Talk continues to simmer about the Democrats possibly using the “reconciliation” process to ram Obamacare through the Senate. There are a myriad of reasons why this likely won’t work in that chamber, including strong public opposition; opposition among the more moderate Democrats’ to such an unconventional and evasive-sounding ploy; and major, major procedural hurdles. But perhaps the primary reason why “reconciliation” is extremely unlikely to work is this: Obamacare would still have to pass the House.
Back in the fall, the Democrats had almost no margin for error — just two votes – in passing the House version of Obamacare. They’ve since lost two more votes for sure and now have no margin for error.
Furthermore, as Andy Wickersham and I have noted elsewhere, a host of other Democrats who voted for Obamacare the first time are sitting in red states and looking like dead ducks. Many of them would probably love to have a chance to switch their votes to “no.” These include the following: Tom Perriello (Va.), John Salazar (Colo.), Chris Carney (Pa.), Zack Space (Ohio), Alan Mollohan (W.Va.), John Spratt (S.C.), Bill Foster (Ill.), Melissa Bean (Ill.), Brad Ellsworth (Ind.), and Baron Hill (Ind.).
All ten of these prior supporters of Obamacare represent districts in which Republican presidential candidates have won by double-digits in at least two of the last three elections.
So, to pass the Senate version of Obamacare through the House, the Democrats would clearly have to recruit new supporters from among those who previously opposed the House version. However, as we write,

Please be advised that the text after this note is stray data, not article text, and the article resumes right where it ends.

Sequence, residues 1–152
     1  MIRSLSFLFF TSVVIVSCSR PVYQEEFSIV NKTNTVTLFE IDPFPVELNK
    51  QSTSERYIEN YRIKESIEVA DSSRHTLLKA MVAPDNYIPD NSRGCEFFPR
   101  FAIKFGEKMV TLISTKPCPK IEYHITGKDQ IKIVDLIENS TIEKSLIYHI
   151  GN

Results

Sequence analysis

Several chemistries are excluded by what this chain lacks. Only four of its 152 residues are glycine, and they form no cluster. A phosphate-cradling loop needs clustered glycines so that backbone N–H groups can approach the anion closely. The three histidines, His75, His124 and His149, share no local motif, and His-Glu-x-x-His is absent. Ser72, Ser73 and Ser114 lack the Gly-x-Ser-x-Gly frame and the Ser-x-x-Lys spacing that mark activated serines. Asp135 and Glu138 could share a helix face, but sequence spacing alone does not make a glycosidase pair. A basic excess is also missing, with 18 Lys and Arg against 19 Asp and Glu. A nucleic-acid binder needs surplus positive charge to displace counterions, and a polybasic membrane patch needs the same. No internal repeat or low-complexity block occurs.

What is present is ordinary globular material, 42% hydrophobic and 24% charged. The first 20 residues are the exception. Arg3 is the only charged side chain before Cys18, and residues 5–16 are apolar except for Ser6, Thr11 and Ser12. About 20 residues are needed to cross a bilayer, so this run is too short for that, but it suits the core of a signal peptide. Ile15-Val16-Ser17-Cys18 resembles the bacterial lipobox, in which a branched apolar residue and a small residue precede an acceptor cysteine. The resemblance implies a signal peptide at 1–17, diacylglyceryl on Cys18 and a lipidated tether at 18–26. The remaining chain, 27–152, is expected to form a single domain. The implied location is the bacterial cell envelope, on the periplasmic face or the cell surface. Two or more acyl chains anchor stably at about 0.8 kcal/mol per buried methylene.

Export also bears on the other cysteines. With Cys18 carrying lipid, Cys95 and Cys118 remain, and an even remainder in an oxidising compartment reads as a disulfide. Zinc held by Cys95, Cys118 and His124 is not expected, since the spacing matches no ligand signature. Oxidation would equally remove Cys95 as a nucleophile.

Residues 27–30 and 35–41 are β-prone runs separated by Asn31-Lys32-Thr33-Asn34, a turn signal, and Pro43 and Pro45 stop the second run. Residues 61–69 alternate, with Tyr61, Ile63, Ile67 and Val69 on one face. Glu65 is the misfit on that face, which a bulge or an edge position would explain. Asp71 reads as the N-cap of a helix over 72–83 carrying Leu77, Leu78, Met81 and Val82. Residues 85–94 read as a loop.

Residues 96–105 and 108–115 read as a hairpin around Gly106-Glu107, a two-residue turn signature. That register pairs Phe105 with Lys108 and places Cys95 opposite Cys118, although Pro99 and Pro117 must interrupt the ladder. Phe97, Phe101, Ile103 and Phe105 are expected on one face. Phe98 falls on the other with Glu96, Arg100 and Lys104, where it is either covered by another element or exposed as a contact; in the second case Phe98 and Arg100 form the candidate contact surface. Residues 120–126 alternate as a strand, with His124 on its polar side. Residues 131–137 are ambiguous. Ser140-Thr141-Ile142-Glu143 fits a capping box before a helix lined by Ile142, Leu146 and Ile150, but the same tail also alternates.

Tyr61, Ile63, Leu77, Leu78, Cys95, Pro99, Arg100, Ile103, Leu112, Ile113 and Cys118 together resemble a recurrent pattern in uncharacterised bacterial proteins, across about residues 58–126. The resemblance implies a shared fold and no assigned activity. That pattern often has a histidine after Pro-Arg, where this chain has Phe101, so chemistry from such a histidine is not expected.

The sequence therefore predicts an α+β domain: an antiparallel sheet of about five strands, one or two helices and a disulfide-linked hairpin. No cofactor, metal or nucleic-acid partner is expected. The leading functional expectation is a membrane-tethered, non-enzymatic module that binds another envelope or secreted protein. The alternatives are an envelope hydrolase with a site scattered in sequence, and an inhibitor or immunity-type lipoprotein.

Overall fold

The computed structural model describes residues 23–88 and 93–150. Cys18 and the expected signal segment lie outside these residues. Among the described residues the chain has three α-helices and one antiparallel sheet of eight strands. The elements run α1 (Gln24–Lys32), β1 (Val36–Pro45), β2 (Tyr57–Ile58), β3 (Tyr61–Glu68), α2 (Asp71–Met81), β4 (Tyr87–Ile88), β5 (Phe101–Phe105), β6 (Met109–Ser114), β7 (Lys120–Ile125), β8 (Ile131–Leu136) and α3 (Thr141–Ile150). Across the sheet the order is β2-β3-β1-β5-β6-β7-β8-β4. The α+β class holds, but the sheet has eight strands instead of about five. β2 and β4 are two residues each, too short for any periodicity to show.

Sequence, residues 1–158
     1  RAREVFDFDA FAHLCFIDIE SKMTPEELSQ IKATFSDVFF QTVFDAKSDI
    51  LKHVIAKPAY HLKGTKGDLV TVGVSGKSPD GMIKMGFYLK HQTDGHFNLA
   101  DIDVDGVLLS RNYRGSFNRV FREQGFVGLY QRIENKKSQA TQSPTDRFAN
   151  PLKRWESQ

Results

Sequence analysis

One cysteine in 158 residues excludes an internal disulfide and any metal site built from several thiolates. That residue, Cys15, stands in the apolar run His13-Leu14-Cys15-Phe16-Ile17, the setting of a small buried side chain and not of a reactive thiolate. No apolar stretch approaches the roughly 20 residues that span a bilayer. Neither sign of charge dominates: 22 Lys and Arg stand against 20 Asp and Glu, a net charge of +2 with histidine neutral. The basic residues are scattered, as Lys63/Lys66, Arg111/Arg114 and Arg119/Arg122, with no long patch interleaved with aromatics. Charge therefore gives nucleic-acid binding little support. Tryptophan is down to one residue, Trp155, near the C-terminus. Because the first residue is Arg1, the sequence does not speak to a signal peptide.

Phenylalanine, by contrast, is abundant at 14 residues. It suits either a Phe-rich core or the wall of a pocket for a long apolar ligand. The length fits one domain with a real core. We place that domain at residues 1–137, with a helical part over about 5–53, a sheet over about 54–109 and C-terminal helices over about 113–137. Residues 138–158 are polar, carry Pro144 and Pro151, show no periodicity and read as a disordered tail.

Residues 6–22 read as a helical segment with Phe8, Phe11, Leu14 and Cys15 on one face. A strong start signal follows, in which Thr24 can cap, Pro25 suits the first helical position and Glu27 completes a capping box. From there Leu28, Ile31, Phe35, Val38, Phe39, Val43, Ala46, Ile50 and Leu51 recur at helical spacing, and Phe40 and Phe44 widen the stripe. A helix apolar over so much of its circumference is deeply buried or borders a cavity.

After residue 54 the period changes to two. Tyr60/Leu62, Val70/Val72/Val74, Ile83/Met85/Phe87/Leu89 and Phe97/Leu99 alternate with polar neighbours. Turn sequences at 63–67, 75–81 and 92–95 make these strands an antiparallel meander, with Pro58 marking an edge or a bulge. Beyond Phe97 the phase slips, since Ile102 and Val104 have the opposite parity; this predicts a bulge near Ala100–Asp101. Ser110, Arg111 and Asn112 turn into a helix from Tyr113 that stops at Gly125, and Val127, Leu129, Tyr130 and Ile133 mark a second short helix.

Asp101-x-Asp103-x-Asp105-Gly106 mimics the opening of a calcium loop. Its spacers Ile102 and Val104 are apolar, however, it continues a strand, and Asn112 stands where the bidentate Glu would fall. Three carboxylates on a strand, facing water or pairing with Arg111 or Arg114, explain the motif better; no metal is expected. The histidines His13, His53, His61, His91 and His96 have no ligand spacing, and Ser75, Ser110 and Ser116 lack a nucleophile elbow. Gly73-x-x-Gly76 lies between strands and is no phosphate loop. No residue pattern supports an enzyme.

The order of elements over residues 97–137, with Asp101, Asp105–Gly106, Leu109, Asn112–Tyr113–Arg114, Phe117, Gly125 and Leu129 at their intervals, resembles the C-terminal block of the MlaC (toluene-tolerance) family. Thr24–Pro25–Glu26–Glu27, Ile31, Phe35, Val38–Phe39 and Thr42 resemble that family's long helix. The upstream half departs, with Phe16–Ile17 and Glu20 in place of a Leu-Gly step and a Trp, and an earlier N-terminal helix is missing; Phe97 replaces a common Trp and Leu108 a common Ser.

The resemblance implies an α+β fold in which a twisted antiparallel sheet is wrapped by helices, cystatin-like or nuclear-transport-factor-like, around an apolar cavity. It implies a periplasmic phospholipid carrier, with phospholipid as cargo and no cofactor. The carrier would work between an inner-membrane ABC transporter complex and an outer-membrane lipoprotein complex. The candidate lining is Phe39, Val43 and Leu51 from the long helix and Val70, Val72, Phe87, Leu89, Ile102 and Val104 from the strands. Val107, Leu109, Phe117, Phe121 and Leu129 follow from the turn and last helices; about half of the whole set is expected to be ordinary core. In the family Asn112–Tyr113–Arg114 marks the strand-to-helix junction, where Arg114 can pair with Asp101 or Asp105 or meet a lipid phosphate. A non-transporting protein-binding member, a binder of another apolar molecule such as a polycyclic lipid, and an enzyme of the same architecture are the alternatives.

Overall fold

For an indication of how toxic Obamacare likely seems to these members, consider this: Of the 39 Democrats who voted no on the House version of Obamacare, all but four represent districts where the average margin between the Democratic and Republican presidential candidates over the last three elections has been at least 30 percentage points worse, from a Democratic perspective, than in Massachusetts.
And now, with Obamacare’s popularity at its nadir, President Obama would like these members to turn a blind eye to what happened in Massachusetts and come aboard.
That’s not remotely likely. But it’s still worth watching the following members with a sharp eye: John Adler (N.J.), Larry Kissel (N.C.), Scott Murphy (N.Y.), Michael McMahon (N.Y.), Eric Massa (N.Y.), Allen Boyd (Fla.), Suzanne Kosmas (Fla.), Glenn Nye (Va.), and the retiring Brian Baird (Wash.).
These are the only nine House Democrats who (A) voted “no” on Obamacare the first time around; (B) opposed the Stupak Amendment, which was designed to prevent public funding of abortions (those who supported Stupak are even less likely to embrace the Senate’s more pro-abortion bill); and (C) represent districts where Democratic presidential candidates have come within even 10 points of victory, on average, over the last three elections.
These members would probably love to hear from their constituents that they made the right call on Obamacare the first time around.